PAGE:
CLAYS, PAUL JEAN (1819–1900), Belgian artist, was born at Bruges in 1819, and died at Brussels in 1900. He was one of the most esteemed marine painters of his time, and early in his career he substituted a sincere study of nature for the extravagant and artificial conventionality of most of his predecessors. When he began to paint, the sea was considered by continental artists as worth representing only under its most tempestuous aspects. Artists cared only for the stirring drama of storm and wreck, and they clung still to the old-world tradition of the romantic school. Clays was the first to appreciate the beauty of calm waters reflecting the slow procession of clouds, the glories of sunset illuminating the sails of ships or gilding the tarred sides of heavy fishing-boats. He painted the peaceful life of rivers, the poetry of wide estuaries, the regulated stir of roadsteads and ports. And while he thus broke away from old traditions he also threw off the trammels imposed on him by his master, the marine painter Theodore Gudin (1802–1880). Endeavouring only to give truthful expression to the nature that delighted his eyes, he sought to render the limpid salt atmosphere, the weight of waters, the transparence of moist horizons, the gem-like sparkle of the sky. A Fleming in his feeling for colour, he set his palette with clean strong hues, and their powerful harmonies were in striking contrast with the rusty, smoky tones then in favour. If he was not a “luminist” in the modern use of the word, he deserves at any rate to be classed with the founders of the modern naturalistic school. This conscientious and healthy interpretation, to which the artist remained faithful, without any important change, to the end of an unusually long and laborious career, attracted those minds which aspired to be bold, and won over those which were moderate. Clays soon took his place among the most famous Belgian painters of his generation, and his pictures, sold at high prices, are to be seen in most public and private galleries. We may mention, among others, “The Beach at Ault,” “Boats in a Dutch Port,” and “Dutch Boats in the Flushing Roads,” the last in the National Gallery, London. In the Brussels gallery are “The Port of Antwerp,” “Coast near Ostend,” and a “Calm on the Scheldt”; in the Antwerp museum, “The Meuse at Dordrecht”; in the Pinakothek at Munich, “The Open North Sea”; in the Metropolitan Museum of Fine Arts, New York, “The Festival of the Freedom of the Scheldt at Antwerp in 1863”; in the palace of the king of the Belgians, “Arrival of Queen Victoria at Ostend in 1857”; in the Bruges academy, “Port of Feirugudo, Portugal.” Clays was a member of several Academies, Belgian and foreign, and of the Order of Leopold, the Legion of Honour, &c.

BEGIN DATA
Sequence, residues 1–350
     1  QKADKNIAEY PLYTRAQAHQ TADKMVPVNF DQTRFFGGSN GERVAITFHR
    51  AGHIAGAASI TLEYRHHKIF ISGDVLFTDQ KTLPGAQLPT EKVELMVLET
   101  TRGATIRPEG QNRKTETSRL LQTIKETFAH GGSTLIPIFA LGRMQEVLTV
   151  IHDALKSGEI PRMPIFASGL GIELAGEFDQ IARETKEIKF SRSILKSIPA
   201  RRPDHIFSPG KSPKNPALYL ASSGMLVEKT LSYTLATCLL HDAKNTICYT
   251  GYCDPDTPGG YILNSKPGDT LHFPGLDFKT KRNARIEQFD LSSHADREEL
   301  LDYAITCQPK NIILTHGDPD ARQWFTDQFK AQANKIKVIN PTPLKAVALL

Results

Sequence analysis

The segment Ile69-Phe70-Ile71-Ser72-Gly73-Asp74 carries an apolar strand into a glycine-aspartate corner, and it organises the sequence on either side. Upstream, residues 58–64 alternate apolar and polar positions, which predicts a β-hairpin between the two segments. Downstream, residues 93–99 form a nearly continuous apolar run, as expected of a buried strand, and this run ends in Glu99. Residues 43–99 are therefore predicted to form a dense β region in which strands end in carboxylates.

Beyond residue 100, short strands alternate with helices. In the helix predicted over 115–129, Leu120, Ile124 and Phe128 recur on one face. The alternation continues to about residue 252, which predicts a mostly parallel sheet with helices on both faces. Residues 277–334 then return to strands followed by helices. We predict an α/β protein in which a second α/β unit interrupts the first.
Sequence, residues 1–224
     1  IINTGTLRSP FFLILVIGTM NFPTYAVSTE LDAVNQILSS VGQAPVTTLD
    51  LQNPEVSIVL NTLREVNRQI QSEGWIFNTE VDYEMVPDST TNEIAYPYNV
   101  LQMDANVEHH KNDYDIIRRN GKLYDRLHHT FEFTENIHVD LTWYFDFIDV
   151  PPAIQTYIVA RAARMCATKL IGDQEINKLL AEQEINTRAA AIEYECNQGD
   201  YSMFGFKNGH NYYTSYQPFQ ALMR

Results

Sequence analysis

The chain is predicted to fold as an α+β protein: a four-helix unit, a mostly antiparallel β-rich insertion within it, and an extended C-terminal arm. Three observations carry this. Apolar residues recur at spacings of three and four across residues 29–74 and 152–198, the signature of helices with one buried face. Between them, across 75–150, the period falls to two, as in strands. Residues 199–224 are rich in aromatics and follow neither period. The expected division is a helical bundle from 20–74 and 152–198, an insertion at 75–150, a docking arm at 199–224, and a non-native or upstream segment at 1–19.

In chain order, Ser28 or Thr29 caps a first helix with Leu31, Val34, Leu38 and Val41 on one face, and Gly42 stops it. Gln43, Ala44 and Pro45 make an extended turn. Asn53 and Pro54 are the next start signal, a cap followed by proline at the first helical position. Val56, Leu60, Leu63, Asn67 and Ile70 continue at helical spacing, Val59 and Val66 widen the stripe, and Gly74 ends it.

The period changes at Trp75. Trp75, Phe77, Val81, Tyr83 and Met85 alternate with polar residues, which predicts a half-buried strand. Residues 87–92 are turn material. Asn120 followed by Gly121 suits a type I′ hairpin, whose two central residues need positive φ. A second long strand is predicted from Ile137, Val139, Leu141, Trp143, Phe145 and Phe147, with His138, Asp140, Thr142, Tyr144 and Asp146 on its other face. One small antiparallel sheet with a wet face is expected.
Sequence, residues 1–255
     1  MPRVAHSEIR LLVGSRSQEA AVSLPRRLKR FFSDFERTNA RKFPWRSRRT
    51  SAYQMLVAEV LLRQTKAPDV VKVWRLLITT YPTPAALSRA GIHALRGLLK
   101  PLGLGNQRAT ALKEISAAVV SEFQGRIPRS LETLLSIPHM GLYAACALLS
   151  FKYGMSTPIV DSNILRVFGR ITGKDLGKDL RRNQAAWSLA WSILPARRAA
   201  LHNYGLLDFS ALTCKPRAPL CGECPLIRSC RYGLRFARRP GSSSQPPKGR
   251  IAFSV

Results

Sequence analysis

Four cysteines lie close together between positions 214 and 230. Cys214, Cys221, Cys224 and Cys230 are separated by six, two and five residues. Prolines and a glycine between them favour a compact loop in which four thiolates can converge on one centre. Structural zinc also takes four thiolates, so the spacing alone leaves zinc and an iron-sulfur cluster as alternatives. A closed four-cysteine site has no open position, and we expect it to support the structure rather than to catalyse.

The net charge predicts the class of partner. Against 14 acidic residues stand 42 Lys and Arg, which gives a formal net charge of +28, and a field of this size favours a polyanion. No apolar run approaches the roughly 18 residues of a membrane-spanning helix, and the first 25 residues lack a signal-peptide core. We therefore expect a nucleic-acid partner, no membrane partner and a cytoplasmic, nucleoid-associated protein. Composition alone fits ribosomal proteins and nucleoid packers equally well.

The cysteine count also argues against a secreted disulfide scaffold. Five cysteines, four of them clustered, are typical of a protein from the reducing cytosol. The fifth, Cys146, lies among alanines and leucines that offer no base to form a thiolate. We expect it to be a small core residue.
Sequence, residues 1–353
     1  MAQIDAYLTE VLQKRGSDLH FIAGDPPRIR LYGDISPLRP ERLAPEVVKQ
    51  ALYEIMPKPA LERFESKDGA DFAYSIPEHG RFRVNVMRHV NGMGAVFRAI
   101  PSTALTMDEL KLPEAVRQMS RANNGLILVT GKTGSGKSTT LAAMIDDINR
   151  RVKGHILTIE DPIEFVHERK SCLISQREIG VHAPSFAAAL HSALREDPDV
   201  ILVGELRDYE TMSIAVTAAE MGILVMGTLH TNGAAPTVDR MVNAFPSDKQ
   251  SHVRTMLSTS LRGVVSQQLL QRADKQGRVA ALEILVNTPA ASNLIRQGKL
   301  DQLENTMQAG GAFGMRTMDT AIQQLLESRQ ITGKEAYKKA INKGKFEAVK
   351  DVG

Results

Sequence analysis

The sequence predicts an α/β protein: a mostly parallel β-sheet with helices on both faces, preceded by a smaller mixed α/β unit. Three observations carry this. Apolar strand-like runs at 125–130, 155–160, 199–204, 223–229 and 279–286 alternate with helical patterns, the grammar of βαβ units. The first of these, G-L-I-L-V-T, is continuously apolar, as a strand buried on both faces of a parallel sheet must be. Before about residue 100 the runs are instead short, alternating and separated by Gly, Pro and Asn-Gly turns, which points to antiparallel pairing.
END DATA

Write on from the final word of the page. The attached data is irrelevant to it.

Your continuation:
See Camille Lemonnier, Histoire des Beaux-Arts (Brussels, 1887).  (O. M.*) 


CLAYTON, JOHN MIDDLETON (1796–1856), American politician, was born in Dagsborough, Sussex county, Delaware, on the 24th of July 1796. He came of an old Quaker family long prominent in the political history of Delaware. He graduated at Yale in 1815, and in 1819 began to practise law at Dover, Delaware, where for a time he was associated with his cousin, Thomas Clayton (1778–1854), subsequently a United States senator and chief-justice of the state. He soon gained a large practice. He became a member of the state House of Representatives in 1824, and from December 1826 to October 1828 was secretary of state of Delaware. In 1829, by a combination of anti-Jackson forces in the state legislature, he was elected to the United States Senate. Here his great oratorical gifts gave him a high place as one of the ablest and most eloquent opponents of the administration. In 1831 he was a member of the Delaware constitutional convention, and in 1835 he was returned to the Senate as a Whig, but resigned in the following year. In 1837–1839 he was chief justice of Delaware. In 1845 he again entered the Senate, where he opposed the annexation of Texas and the Mexican War, but advocated the active prosecution of the latter once it was begun. In March 1849 he became secretary of state in the cabinet of President Zachary Taylor, to whose nomination and election his influence had contributed. His brief tenure of the state portfolio, which terminated on the 22nd of July 1850, soon after Taylor’s death, was notable chiefly for the negotiation with the British minister, Sir Henry Lytton Bulwer, of the Clayton-Bulwer Treaty (q.v.). He was once more a member of the Senate from March 1853 until his death at Dover, Delaware, on the 9th of November 1856. By his contemporaries Clayton was considered one of the ablest debaters and orators in the Senate.

See the memoir by Joseph P. Comegys in the Papers of the Historical Society of Delaware, No. 4 (Wilmington, 1882).